Diana (Rodriguez) is a Brooklyn high school senior with a major league scowl and a monster chip on her shouldera tough girl, but not a sexualized one. Sent by her crudely dismissive father on an errand to the gym where her dweebish younger brother Tiny (Ray Santiago) is unwillingly being taught to defend himself, she discovers her destinytraining in secret with a soulful ex-fighter (Jaime Tirelli), whom she pays with money stolen from Dad. The emphasis is on willpower and inner direction (little brother really wants to study art), and Rodriguez, who had no previous acting experience, reeks of raw conviction. She has a fighter's slightly lopsided face, and when she narrows her eyes her whole body seems to glare. No other performance comes closethere are scenes where everyone seems to be acting in their own movie.
Diana is ambivalently attracted to the handsome boy who is the gym's most promising prospect (Santiago Douglas), who, with an amusing nod to Rocky, is named Adrian. Conflicts in place, the movie's second half proceeds from bout to bout pretty much by rote as Diana slugs it out with girls, boys, and her father. (The fights, mainly shown in unflashy middle-shot, are stolidly convincing.) Like Taboo, Girlfight has its inevitable climax in a battle between two lovers. Although the movie gives the so-called sweet science a new meaning, it conjures up a post-macho relationship that would take very special training to resolve.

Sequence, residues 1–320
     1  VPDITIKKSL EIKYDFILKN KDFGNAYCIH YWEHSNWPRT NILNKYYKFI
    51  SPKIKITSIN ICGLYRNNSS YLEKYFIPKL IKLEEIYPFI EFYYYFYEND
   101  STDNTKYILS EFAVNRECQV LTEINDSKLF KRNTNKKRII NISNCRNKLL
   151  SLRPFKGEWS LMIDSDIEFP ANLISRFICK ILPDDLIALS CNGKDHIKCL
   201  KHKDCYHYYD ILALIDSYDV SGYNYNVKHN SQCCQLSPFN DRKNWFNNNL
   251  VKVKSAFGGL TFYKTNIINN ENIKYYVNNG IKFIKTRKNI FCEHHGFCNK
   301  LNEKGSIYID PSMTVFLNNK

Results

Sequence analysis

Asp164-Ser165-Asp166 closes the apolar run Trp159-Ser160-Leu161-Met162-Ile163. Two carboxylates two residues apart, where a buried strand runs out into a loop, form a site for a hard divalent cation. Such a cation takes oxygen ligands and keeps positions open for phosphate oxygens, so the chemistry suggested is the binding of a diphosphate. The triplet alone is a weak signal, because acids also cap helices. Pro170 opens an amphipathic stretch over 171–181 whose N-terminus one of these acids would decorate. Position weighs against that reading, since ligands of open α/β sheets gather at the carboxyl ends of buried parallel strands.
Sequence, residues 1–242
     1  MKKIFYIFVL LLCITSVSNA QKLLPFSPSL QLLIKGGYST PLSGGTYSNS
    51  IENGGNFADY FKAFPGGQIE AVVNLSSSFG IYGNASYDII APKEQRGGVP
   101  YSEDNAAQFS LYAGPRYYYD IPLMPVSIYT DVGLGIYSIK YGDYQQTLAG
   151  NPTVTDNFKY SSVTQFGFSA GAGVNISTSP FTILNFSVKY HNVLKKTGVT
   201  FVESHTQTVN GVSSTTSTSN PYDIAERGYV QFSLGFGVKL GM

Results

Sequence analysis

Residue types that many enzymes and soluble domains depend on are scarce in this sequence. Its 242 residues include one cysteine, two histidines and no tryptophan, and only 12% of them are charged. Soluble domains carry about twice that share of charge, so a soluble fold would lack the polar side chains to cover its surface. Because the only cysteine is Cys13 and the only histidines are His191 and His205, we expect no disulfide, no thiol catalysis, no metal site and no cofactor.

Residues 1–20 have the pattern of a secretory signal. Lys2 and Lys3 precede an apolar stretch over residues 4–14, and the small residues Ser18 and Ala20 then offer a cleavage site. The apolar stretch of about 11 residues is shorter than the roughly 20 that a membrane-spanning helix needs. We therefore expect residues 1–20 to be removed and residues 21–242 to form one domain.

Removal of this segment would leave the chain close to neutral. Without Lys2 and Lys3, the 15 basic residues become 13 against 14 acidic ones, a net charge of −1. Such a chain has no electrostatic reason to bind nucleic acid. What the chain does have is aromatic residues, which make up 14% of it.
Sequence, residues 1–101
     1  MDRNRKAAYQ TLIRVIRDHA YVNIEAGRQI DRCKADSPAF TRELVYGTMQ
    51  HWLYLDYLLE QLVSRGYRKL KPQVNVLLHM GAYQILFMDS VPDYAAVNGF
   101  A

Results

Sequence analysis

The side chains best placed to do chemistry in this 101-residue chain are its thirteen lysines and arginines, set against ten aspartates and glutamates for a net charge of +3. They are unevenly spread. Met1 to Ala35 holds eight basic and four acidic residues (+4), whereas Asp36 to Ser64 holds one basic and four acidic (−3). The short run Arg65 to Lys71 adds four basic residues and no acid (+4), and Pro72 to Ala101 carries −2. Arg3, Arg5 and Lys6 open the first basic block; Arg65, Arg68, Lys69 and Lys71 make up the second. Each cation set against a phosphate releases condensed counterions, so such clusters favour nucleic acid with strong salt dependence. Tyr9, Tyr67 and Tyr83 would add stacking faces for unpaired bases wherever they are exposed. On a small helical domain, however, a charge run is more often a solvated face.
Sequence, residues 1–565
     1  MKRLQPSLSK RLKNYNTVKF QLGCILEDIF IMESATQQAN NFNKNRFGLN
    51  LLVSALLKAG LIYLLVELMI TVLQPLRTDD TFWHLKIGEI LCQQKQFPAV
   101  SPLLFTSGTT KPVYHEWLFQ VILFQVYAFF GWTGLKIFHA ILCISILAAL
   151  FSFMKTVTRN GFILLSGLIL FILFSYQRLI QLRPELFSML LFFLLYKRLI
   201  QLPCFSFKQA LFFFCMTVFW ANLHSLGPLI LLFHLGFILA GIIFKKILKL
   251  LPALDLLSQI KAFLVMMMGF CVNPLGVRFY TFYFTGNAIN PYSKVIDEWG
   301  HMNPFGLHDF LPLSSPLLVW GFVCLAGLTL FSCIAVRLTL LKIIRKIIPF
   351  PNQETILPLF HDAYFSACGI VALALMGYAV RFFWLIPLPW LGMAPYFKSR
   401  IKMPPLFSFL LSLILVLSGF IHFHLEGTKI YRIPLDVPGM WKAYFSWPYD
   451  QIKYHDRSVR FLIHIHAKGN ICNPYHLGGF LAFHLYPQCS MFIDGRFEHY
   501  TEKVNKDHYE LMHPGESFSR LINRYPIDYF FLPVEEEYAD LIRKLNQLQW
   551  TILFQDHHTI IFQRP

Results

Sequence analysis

Written and directed by Karyn Kusama
A Screen Gems release
Opens September 29
Directed by Monte Hellman
Written by Rudolph Wurlitzer
September 29 through October 5
Girlfight is all about winning; Monte Hellman's 1971 Two-Lane Blacktop, revived for a week at Film Forum in a new 35mm print, harks back to the cult of the beautiful loser. The quintessential road movie, it was targeted directly at the countercultureone of the first projects, along with Dennis Hopper's even more venturesome Last Movie and Peter Fonda's unjustly forgotten Hired Hand, released by the "youth" unit that studio boss Lew Wasserman created at Universal in response to Easy Rider.
"We blew it," Fonda's Captain America declared. Two-Lane Blacktop would be proof. Months before completion, this story of an existential cross-country drag race was hailed "an instant classic" by Rolling Stone, while Esquire (which published Rudy Wurlitzer's screenplay as its April 1971 cover story) prematurely declared it "movie of the year." The hype was unsustainable. When Two-Lane Blacktop finally opened that summer, audiences were indifferent and critics underwhelmedalthough the Voice did praise Hellman's "feeling for the vast inhuman distances which form the face of America and the character of her people." Inhuman, to be sure. Redeemed largely by Warren Oates's galvanizing portrayal of the speed freak con artist who pits his 1970 Pontiac GTO against the souped-up 1955 Chevy driven by one zombie rock star (James Taylor) and serviced by another (Dennis Wilson), Two-Lane Blacktop is a movie of achingly eloquent landscapes and absurdly inert characters.
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